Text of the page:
November 13, 2011

ASEA'S salt and water supercharger
R. Cunningham
What if there was a substance that you could take as needed that was undetectable, UCI legal, would boost your performance on the bike-and was good for your body? Would you be interested? Yeah, I was pretty skeptical when I heard that line, too. The product is called Asea, and it was originally formulated as an immune booster to ward off the effects of aging. During testing, however, athletes discovered that the stuff, which smells and tastes a bit like YMCA pool water, significantly boosted their recovery rates and allowed them to stay closer to their anaerobic threshold for extended periods.

So, the Asea folks spent the bucks for some independent tests on endurance athletes and discovered that athletes, on average, could push 10 percent longer at their maximum thresholds with high results in the 30-percent range and lows around 7 percent. After testing the stuff for three months, I'd have to agree with them. We could pedal harder longer and recover from repeated, 100-percent efforts in ridiculously short intervals. The word "recovery" is the operative in the Asea equation.

Recovery is the key to athletic performance. When we think about gaining strength, most often we obsess on the initials phase of training. We talk about tearing down our bodies, entering the pain cave or going  anaerobic. Basically, we stress our body beyond rational limits in the vain hope that somewhere down the line, its internal recovery mechanism will respond by rebuilding the cells that we nearly destroyed into a stronger, more efficient configuration.

Glamorous as the no-pain-no-gain image is, however, athletic performance is far more dependent upon the body's ability to recover, and getting enough sleep is only part of the process. Complete recovery depends upon proper cell function. During or after a ride, millions of cells are communicating with each other and begging for much needed supplies, sending out crews to patch up damage and recycling the dead and wounded. When the body's recovery mechanism keeps pace, we ride strong and aren't dogged by soreness and pain. When we exceed its limitations, we suffer along with our cells.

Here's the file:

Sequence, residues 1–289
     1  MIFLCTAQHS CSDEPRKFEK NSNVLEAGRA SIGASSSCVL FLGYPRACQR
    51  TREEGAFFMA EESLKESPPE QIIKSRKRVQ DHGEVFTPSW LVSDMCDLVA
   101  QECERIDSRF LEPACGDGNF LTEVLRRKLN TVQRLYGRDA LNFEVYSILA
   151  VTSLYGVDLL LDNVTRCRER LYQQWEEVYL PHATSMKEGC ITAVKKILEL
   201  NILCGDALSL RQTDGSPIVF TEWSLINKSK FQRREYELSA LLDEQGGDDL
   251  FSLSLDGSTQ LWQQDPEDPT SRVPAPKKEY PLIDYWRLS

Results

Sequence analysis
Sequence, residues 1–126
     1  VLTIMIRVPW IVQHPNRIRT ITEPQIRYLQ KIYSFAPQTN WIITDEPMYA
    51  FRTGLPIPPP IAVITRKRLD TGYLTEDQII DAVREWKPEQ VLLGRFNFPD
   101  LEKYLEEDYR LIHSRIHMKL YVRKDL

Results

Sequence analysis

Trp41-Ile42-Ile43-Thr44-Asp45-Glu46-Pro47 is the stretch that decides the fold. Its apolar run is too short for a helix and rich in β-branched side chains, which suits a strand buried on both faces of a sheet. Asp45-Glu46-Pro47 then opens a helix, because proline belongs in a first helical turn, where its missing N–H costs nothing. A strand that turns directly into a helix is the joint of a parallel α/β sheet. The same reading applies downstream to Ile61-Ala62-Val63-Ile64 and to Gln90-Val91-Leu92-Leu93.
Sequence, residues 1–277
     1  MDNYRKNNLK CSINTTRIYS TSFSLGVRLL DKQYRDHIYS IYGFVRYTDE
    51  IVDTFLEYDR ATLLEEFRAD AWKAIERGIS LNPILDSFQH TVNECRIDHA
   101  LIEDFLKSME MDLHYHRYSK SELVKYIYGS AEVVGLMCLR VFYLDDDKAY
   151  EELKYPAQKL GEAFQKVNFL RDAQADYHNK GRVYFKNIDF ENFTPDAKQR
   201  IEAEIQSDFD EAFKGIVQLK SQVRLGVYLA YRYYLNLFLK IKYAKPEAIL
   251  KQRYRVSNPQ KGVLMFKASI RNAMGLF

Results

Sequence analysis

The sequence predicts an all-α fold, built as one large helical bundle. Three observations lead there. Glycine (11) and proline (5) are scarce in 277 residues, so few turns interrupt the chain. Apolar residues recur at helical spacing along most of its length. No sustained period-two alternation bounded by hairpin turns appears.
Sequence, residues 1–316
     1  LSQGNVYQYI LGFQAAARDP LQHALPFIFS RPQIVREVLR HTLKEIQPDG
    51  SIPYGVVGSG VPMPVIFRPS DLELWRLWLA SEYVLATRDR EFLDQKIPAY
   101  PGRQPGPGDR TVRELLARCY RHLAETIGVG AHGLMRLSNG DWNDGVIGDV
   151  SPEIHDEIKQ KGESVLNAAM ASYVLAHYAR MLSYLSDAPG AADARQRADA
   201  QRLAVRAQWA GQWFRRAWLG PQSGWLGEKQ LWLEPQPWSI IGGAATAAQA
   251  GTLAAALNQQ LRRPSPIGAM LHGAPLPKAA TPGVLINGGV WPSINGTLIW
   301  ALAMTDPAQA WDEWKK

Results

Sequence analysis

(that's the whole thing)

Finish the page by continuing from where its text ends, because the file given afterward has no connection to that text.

Asea's ingredients are listed as sodium and chloride, which suggest that a bottle of Asea and chloride, which suggests that a bottle of Asea is basically salt and water. Combined, sodium-chloride is simple salt, but when the two molecules are isolated, they are highly reactive (read "poisonous"). Inside the body, however, the mitochondrion in each cell produce special sodium and chloride molecules, which function as messengers that signal the various healing, defense and regenerative mechanisms, and they also facilitate communication between cells.

The process is called "redox signaling," which refers to matched pairs of reactive molecules (molecules with an unbalanced electronic charge). One molecules is a redundant; the other is an oxidant-thus the term redox. What these guys do fro athletes is sound the alarm when our efforts throw our muscle cells into oxidative stress, and then they direct blood flow and regenerative microbes directly to where they are most needed.
When the redox messengers are out of balance or exist in large numbers than necessary, they are converted into PH-balanced saltwater by antioxidant microbes. The beauty of redox signaling is that, instead of using an  invasive drug to force the body to respond in a certain way, we introduce safe levels of nanoparticles to the cells that signal the body to safely heal itself.

The scientist who invented Asea figured out how to break down sodium and chloride molecules into the same structures that our cells produce. By nature, reactive molecules attach themselves to anything with an attractive electronic charge. The trick, which is not explained, is that Asea's inventors figured out how to suspend the sodium and chloride bits so they can make it into the body without being neutralized by the digestive system on their way to cells elsewhere in the body.

When asked to run independent tests and evaluated Asea, Dr. Gary Samuelson took one whiff of the stuff, and smelling chlorine, said "no way." Samuelson has a PH.D. in atomic/medical physics and works in the health/science industry. Scientists are tragically curious, though, so Dr. Samuelson researched redox signaling and sodium-chloride at the country's top universities, and in a telephone conversation he told us that, indeed, redox signaling has become the highest priority in preventative medicine research-and that the ingredients that make salt are in the center of it all.

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